The Press Service International young writer program in conjunction with Christian Today has released the long awaited 'Awards Commission' report developed by Major Christina Tyson of Wellington NZ, who heads up the New Zealand Salvation Army Media Unit and a New Zealand Young Writer Panellist.
Christina Tyson was assigned the chair of the 'Awards Commission' role to collate submissions from young writers, panellists and senior writers to establish a protocol as from 2018 for the annual awards of the young writer program.
Stake holders made submissions to Christina Tyson and now we can release the report.
Press Service International Young Writers Awards Programme
The aim of the Young Writers programme is to inspire Christian young people aged 18-35 to exercise their voice in the marketplace of ideas. Annual recognition is provided for those aged 18-30 years through an awards programme that covers writers contributing from Australia, New Zealand, Internationals and Sports.
Photo - 2017 young writer conference – Sport Writers - Josh Hinds (Agnes Waters, Bundaberg) and David Goodwin (Melbourne) and editor of the Sallies' WarCry.
Establish two Press Service International awards per program (Australia, New Zealand, International, Sport) that serve the following purposes:
- to identify the best of our Young Writers; and
- to identify and encourage emerging writing talent from these Young Writers.
1. Best Young Writer: To identify and celebrate the best young writers.
a. Aged 18 to 30 years in the award year.
b. The over 30s (31–35) are in a separate category—Over 30s—with a separate 'first' only award.
c. Has submitted writing for each of the year’s voting cycles. Repeated articles are marked for each young writer's “Best Article” of the year—but not counted for the major awards (see exemptions below). There is a Friday deadline and providing original content is part of the discipline of writing—with the weekend (Saturday and Sunday) as legitimate late time
c.i. In extraordinary circumstances (such as a bereavement) and with permission, a writer may miss one voting cycle. At the end of the year’s voting cycle, this writer receives the average mark of the total of their other articles for that missed cycle.
c.ii. Again with permission, someone who commenced in cycle two could also be allowed to have their marks averaged across the year to give them a mark for cycle one and thereby compete in that year’s awards.
d. Has achieved the highest total marks for the entire marking cycle.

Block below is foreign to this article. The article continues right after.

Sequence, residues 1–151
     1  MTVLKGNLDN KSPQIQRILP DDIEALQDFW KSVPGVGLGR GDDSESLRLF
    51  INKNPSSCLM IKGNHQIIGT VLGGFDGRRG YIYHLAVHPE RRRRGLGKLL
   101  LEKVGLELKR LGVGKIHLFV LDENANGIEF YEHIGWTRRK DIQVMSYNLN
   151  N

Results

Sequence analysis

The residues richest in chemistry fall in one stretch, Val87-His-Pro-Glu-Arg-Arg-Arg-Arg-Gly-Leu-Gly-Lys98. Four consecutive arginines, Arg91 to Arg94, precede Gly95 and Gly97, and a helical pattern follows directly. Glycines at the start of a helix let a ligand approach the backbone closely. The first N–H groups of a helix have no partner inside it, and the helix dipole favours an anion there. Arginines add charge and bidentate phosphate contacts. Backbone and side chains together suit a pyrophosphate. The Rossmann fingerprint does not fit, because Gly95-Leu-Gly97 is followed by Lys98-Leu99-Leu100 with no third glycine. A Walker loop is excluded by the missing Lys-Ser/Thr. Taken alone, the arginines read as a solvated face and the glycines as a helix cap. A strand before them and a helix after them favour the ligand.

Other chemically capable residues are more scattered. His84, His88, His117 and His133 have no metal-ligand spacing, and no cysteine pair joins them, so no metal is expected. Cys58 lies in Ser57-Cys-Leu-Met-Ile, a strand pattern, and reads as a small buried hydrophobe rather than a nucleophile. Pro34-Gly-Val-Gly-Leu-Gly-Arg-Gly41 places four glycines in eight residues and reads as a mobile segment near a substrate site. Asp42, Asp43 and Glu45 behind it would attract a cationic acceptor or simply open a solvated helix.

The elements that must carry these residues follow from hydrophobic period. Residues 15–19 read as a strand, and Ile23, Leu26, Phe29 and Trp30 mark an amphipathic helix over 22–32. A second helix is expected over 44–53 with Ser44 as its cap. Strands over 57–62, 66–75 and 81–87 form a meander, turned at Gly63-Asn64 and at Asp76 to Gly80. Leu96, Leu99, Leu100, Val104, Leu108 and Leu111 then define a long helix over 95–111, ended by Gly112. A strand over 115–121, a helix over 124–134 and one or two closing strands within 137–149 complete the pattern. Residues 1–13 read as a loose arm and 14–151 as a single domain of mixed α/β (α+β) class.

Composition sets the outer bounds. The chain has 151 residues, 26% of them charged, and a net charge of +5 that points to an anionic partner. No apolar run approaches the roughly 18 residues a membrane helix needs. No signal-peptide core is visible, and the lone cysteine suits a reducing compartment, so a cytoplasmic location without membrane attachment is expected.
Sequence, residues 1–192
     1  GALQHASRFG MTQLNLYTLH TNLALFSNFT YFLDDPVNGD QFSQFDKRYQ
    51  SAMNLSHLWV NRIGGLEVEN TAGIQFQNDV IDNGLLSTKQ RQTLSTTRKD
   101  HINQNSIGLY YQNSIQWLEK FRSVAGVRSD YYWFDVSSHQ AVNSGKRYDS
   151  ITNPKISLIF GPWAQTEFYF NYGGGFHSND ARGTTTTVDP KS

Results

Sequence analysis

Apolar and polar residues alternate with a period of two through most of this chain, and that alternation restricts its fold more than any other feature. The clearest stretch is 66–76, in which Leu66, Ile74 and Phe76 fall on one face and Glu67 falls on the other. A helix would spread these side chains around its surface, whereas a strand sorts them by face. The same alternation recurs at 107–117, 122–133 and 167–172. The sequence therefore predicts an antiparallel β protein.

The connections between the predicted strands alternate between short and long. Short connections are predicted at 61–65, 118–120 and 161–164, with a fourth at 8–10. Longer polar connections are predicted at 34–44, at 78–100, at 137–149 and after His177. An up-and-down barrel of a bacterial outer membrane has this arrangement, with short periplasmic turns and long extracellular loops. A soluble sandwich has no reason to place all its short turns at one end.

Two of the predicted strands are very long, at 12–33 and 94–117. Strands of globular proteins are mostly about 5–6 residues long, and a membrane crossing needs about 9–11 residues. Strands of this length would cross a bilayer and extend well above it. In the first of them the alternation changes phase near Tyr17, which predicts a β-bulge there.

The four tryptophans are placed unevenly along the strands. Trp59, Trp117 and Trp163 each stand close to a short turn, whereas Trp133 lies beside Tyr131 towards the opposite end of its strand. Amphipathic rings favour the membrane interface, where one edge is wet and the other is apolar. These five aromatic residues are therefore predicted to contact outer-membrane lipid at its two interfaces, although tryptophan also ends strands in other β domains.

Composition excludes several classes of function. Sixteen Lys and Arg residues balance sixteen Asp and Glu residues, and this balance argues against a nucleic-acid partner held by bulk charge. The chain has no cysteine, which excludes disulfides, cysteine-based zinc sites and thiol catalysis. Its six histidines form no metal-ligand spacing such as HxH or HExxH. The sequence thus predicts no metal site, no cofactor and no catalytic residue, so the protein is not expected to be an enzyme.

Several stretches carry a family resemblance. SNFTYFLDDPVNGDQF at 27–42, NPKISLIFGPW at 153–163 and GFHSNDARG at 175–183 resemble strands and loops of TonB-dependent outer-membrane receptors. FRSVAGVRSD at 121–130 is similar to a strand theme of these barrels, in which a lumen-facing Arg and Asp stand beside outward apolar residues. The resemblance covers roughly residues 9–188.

e. Where there is a tie, Statisticians will review marks to identify one winner.
f. A runner-up award may also be awarded. (Following the above process in terms of marks and discussion if there is a tied result.) This will provide an additional measure of recognition and motivation for ongoing improvement.
2. Best Emerging Young Writer: To identify and encourage writing talent from among new writers, and to motivate improvement among regular writers.
Note: Theoretically, it would be possible for the same person to win Best Writer and Best Emerging Writer.
a. Aged 18 to 30 years in the award year.
b. Writing for the 'first time', or a regular writer who has made 'notable improvements' (as evidenced by Panellists’ marks or recommendations).
c. Has not previously won either the Best Emerging Writer or Best Writer Awards.
d. Has achieved the highest total mark across the entire voting cycle.
e. Where there is a tie, statisticians will review marks to identify one winner.
f. A runner-up award may also be awarded as an additional measure of recognition and motivation for ongoing improvement.
Financial awards are not discussed as that depends entirely on a sponsor.
The young writer is required to be in attendance at the awards presentation - especially when air fare scholarships are provided to Australian and New Zealand young writers winners.
The same young writer may win the major award for more than one year.
We require every young writer to inform us when they turn 31 and are then slotted into the Over 30s.
2018 f—Awards. 18–30's
Outside this remit
Press Service International welcomes enquiries from young people to become part of the young writer program—email@example.com 0419 917 713
Dr Mark Tronson is a Baptist minister (retired) who served as the Australian cricket team chaplain for 17 years (2000 ret) and established Life After Cricket in 2001. He was recognised by the Olympic Ministry Medal in 2009 presented by Carl Lewis Olympian of the Century. He mentors young writers and has written 24 books, and enjoys writing. He is married to Delma, with four adult children and grand-children. Dr Tronson writes a daily article for Christian Today Australia (since 2008) and in November 2016 established Christian Today New Zealand.
Mark Tronson's archive of articles can be viewed at http://www.pressserviceinternational.org/mark-tronson.html